“I can't fight it anymore. . . . Oh, I don't know what's right any longer. You have to think for both of us. For all of us.” Ilsa to Rick, Casablanca
What is the proper role of the City Council in a mayor-council form of government? Over the past two years, we’ve seen a battle played out in our City Council. Some of the council members act as if their role is to rubber stamp anything that comes out of the mayor’s office, taking the role as his cheerleaders. Whatever the proposal, they neither question nor challenge the solution the mayor’s office offers. One might wonder whether they have given any independent thought to the policy issue or any of the possible solutions. Others, meanwhile, have attempted to establish City Council as an independent branch of municipal government, struggling with limited resources to present solutions.
The campaigns for City Council elections are underway. There are now six district seats; all are up for election. Since there are no hot button issues this campaign cycle, the only driving issue is how independent will the new council be?
To answer this question, we must first do a sort of the candidates. Those who are in play, who have a chance, and those who fall into the “also ran” category. There are several criteria used to sort them apart: Anyone who is an incumbent, anyone who has name recognition, anyone who has money to buy name recognition is immediately in play. But there is also another category: Those to whom God has given a unique gift: the ability to identify with and connect to the public. Every now and then, someone with this special talent comes on the scene and, from nowhere, wins a seat. I’ve seen it happen with Wayne Fischer in 1987, Cheryl Gillespie in 1991 and again with Tom Gallagher in 2003. There is a magic ability to connect. At a campaign forum, try watching not the candidates on stage, but the audience when each of the candidates speaks. One can learn a lot that way about who has a chance. In a small district race, the outlier has a much better opportunity to win a seat with limited resources.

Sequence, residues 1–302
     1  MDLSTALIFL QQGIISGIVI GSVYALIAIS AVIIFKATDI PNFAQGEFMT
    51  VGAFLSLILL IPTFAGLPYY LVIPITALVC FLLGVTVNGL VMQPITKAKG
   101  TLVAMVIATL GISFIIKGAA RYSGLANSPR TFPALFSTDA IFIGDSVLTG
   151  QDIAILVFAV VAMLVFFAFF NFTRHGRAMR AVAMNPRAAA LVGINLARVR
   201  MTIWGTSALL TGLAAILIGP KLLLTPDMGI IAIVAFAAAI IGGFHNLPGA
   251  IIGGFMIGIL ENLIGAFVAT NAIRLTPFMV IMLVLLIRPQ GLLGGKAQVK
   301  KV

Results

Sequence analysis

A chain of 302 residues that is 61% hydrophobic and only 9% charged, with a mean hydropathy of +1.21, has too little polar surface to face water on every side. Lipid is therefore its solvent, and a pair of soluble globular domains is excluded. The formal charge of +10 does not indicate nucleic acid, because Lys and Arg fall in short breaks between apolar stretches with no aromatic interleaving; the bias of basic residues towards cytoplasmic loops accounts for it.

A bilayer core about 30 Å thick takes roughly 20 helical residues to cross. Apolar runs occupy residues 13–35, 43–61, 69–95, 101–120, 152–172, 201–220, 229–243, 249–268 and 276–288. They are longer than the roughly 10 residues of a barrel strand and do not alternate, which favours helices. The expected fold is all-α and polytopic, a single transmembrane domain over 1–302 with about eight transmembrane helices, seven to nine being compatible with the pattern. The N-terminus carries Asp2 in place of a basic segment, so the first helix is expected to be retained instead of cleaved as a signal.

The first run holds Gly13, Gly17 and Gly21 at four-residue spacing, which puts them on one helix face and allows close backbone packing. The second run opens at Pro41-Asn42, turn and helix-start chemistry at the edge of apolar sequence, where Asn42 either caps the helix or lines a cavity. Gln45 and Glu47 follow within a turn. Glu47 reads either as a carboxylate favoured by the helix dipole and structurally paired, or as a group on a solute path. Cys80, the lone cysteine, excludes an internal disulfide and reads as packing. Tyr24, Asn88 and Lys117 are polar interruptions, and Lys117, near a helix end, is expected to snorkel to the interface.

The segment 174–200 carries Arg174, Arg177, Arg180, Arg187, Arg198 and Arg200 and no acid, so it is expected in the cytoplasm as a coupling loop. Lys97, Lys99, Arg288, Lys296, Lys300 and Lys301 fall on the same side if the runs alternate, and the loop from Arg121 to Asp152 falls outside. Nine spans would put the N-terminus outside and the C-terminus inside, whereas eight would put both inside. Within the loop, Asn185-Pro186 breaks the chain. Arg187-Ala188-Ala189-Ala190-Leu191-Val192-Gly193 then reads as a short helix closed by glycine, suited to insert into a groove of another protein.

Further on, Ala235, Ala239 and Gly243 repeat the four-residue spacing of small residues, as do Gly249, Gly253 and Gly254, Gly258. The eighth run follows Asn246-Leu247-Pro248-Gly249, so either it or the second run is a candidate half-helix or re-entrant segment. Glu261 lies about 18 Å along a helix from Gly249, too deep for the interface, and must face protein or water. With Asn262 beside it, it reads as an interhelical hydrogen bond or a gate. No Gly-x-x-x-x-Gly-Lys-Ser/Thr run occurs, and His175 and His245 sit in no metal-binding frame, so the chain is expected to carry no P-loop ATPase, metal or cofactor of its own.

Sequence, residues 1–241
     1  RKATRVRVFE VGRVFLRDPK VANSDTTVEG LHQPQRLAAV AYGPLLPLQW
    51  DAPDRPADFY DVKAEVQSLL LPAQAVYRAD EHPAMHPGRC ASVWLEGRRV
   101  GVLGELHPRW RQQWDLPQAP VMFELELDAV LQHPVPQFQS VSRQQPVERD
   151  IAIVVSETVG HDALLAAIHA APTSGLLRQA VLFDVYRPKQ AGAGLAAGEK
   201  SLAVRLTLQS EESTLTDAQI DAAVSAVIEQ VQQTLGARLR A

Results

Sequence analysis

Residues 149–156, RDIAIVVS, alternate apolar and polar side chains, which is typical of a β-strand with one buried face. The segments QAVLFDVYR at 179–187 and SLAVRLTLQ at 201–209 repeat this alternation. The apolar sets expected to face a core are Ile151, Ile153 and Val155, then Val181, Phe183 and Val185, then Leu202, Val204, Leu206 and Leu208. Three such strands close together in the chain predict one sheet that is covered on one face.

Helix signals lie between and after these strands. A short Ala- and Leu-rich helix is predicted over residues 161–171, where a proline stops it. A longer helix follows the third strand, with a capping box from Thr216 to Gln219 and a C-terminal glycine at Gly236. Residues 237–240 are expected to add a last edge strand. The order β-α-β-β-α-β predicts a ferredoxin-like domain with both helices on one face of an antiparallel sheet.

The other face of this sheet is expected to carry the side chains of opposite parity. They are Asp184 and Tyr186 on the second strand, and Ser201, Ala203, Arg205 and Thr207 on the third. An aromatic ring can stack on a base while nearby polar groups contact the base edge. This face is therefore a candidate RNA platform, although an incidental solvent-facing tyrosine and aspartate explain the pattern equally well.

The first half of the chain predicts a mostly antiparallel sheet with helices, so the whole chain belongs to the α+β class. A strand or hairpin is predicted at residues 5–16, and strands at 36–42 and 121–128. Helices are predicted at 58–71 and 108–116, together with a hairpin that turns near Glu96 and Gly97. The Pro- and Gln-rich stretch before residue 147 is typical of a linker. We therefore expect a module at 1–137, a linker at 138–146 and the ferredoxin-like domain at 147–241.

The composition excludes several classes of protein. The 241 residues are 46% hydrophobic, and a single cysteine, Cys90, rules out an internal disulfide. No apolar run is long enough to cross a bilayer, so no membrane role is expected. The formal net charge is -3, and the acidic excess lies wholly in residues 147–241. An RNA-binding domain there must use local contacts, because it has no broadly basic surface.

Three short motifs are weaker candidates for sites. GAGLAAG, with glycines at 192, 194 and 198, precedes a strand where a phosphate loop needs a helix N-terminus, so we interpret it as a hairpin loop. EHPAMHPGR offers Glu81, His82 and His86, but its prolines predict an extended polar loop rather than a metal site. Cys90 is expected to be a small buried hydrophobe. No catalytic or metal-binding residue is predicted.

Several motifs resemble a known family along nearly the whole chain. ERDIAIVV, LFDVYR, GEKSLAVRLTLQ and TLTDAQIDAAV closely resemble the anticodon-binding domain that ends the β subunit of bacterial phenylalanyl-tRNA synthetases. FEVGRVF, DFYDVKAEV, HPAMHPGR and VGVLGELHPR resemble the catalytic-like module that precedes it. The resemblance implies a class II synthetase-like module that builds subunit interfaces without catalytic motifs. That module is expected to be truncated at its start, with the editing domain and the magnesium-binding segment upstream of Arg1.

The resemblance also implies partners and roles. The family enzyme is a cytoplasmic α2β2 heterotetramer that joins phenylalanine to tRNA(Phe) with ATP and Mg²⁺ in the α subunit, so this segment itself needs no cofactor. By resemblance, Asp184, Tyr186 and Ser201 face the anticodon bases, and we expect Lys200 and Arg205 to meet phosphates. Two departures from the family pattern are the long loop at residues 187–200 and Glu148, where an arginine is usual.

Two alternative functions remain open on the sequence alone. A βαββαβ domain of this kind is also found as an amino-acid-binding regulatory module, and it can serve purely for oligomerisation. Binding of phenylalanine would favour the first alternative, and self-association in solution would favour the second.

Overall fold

By now, however, we know who has received the backing of some of Colorado Springs’ more influential players. Bach was Schuck’s candidate two years ago. Undoubtedly, the two have a very close bond. This past week Schuck sent a mass email endorsing specific candidates. In addition, the HBA has always been out in front with its endorsements and this year is no exception. The questions the HBA asked of the candidates are very much in lockstep with Bach’s positions on the issues; the candidates endorsed by Schuck and the HBA are identical. What is unclear is whether the candidates they endorsed will think for themselves if (re)elected to Council.
The role of any Councilmember is to think for one’s self, investigate, question, demand answers. If answers are not forthcoming, take advantage of any and all methods available to get them. But above all else, act independently of the mayor’s office. Be a credible check and balance on the mayor’s assertion of control and authority. Would the State of Colorado be better off if the legislature or state attorney general went to the governor’s office to ask direction on every issue?
I have not been to any candidate forums yet, but I will seek them out over the next few weeks. (e.g.: The Trails and Open Space Forum on March 4, 2013, 5:30 pm at Stargazers Theatre.) I will be looking to candidates who can think for themselves.